From the Library: Charles Jencks
Architectural historian Charles Jencks meticulously documented images of the most outlandish and brash homes he found in LA, dissecting a uniquely Angeleno sort of ugly-beauty.
When we’re in need of inspiration, our library is the first place we turn to; it exists in the physical and symbolic center of our office. In an effort to immortalize the countless resources on its shelves, we will feature a pertinent title from our library in each issue of the Post.
This week we begin with “Daydream Houses of Los Angeles” by Charles Jencks, first published in 1978. Jencks was a historian and cultural theorist as well as an architectural designer in his own right. He specialized in Postmodernism, which makes sense given his incredibly enlightened analysis of Los Angeles, the postmodern Blade Runner city.
“A natural, first response to the exaggerated houses of Los Angeles is one of despair. They display obvious — much too obvious — signs of snobbery, status-seeking and kitsch; they mix motifs pillaged from every known style, combine them in an ungrammatical way and are brazen enough to do this with explicitly shoddy material. This, it seems to me, is an inevitable, even necessary, part of one’s response to these houses, but it’s a revulsion tempered by other feelings, those of attraction and amusement, the delight of shock in seeing custom broken. In fact, because of the strong contradictory feelings they evoke (a result of their exaggerated qualities) it is particularly hard to give them an appropriate and modest appreciation”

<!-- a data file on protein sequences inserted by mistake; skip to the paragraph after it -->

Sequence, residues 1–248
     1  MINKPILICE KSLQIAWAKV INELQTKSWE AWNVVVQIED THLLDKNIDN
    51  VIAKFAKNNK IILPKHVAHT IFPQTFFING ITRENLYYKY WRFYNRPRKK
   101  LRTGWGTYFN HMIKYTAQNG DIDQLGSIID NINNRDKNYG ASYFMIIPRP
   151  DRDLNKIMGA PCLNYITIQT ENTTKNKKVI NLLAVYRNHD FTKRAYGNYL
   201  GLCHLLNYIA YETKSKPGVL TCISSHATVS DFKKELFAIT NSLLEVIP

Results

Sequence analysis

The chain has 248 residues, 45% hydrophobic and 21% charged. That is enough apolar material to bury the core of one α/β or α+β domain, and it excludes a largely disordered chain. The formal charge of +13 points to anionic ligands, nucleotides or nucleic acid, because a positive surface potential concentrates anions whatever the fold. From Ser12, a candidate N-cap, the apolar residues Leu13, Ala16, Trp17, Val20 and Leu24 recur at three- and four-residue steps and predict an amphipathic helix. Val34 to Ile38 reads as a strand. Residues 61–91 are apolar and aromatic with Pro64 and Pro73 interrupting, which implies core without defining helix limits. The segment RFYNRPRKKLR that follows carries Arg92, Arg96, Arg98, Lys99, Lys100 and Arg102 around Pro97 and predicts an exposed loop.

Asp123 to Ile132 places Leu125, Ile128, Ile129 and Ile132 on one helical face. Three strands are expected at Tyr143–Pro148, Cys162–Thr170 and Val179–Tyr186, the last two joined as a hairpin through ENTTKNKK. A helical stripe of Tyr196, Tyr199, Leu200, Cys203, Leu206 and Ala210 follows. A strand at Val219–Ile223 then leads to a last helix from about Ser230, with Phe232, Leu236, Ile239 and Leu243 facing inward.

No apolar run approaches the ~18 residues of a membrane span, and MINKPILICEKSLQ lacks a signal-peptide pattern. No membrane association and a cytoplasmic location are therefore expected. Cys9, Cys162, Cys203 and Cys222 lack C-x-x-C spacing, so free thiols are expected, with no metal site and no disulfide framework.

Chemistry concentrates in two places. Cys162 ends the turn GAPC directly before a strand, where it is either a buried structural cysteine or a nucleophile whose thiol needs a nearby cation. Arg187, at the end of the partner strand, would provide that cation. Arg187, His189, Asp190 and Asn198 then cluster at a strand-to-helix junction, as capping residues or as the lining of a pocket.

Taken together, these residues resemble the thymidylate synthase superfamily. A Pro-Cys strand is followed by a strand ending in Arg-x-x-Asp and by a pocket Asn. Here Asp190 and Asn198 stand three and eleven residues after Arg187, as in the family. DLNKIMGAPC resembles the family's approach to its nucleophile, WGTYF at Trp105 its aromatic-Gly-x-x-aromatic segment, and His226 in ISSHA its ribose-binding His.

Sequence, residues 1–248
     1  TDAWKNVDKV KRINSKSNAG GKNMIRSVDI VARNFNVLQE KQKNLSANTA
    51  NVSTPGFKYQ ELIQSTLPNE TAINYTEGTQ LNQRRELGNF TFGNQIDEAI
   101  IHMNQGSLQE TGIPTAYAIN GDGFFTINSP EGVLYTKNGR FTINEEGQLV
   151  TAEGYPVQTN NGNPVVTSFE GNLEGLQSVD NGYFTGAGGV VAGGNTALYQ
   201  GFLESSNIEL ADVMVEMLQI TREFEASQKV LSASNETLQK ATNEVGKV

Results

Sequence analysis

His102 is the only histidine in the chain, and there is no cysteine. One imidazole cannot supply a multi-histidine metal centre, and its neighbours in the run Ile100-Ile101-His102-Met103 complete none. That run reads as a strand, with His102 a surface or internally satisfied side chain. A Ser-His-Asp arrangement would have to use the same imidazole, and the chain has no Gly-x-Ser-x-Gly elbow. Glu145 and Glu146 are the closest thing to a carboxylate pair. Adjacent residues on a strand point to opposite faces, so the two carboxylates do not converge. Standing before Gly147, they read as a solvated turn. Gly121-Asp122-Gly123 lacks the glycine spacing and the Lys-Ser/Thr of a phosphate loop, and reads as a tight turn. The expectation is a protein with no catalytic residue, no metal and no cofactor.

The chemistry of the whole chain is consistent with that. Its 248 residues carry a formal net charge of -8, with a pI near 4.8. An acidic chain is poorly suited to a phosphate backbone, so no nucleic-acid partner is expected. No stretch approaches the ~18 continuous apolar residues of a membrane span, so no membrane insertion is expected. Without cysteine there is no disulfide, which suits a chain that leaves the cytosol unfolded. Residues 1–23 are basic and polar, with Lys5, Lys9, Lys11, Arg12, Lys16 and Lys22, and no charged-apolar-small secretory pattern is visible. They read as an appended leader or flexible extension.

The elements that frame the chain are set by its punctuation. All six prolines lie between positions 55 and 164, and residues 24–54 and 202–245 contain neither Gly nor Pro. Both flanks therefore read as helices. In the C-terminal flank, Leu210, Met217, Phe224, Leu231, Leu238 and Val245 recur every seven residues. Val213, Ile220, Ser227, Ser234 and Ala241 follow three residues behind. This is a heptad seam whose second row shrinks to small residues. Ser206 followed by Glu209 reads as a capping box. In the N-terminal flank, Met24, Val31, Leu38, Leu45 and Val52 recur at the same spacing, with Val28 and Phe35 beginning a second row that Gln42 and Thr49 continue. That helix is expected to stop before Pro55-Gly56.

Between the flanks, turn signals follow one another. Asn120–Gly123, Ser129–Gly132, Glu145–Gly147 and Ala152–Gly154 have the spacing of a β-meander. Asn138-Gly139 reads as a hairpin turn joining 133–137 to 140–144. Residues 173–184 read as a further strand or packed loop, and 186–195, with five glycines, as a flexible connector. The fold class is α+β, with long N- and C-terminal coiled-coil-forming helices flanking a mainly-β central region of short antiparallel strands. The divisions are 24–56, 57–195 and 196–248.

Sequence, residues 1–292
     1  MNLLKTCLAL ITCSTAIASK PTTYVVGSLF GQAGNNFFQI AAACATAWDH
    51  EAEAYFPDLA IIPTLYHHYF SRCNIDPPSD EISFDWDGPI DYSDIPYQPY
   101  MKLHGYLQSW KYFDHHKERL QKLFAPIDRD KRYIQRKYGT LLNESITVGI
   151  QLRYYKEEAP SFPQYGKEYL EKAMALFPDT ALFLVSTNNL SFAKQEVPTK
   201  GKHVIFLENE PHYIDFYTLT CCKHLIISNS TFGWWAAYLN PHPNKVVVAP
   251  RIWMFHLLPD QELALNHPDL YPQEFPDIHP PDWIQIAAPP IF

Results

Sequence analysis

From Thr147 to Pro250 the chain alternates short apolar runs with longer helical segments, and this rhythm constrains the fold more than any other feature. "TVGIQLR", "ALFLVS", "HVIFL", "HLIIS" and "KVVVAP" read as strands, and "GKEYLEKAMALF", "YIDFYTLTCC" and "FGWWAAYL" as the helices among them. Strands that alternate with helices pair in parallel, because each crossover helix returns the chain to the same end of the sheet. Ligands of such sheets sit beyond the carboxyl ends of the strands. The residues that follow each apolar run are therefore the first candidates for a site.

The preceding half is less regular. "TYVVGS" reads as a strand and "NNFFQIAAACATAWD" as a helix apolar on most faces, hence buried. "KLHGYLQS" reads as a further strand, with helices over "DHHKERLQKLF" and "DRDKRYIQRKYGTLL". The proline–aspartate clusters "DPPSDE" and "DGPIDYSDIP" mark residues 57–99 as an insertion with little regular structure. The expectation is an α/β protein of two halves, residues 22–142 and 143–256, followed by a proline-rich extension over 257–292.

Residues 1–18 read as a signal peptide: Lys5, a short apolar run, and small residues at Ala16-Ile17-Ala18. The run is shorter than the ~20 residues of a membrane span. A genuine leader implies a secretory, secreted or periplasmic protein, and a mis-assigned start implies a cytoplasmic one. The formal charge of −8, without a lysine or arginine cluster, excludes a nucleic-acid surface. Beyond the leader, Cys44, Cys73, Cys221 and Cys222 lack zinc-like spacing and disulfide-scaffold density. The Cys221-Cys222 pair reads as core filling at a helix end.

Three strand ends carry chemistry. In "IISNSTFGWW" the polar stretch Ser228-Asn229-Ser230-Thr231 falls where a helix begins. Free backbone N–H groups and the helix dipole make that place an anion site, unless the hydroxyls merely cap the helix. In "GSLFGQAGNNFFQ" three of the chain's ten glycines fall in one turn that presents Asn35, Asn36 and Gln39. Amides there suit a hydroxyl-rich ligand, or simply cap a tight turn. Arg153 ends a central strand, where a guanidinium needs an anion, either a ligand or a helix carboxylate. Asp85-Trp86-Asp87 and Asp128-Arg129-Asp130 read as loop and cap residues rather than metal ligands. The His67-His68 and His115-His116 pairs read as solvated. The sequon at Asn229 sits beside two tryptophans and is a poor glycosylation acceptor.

As an LA based firm, we frequently think about this wild juxtaposition Jencks describes. We can’t really escape it. It’s become core to how we think about design: marrying opposed architectural styles and exploring the union of unusual materials together with traditional ones. But something else also resonates from what Jencks has uncovered. LA itself doesn’t really make sense, but it doesn’t make sense gloriously. You want to repel from its oddities, but you find yourself basking in them, wanting to know more about why these places exist and who lives within their walls. The oddities beg story telling.
The images we've selected here speak for themselves in terms of their visual content. They're fascinating as structures because they embody the sort of ugly-beauty you can't quite define. Jencks meticulously documented images of the most outlandish and brash of the homes he found throughout LA, and included witty anecdotes alongside (potentially incorrect, memory-recalled) addresses.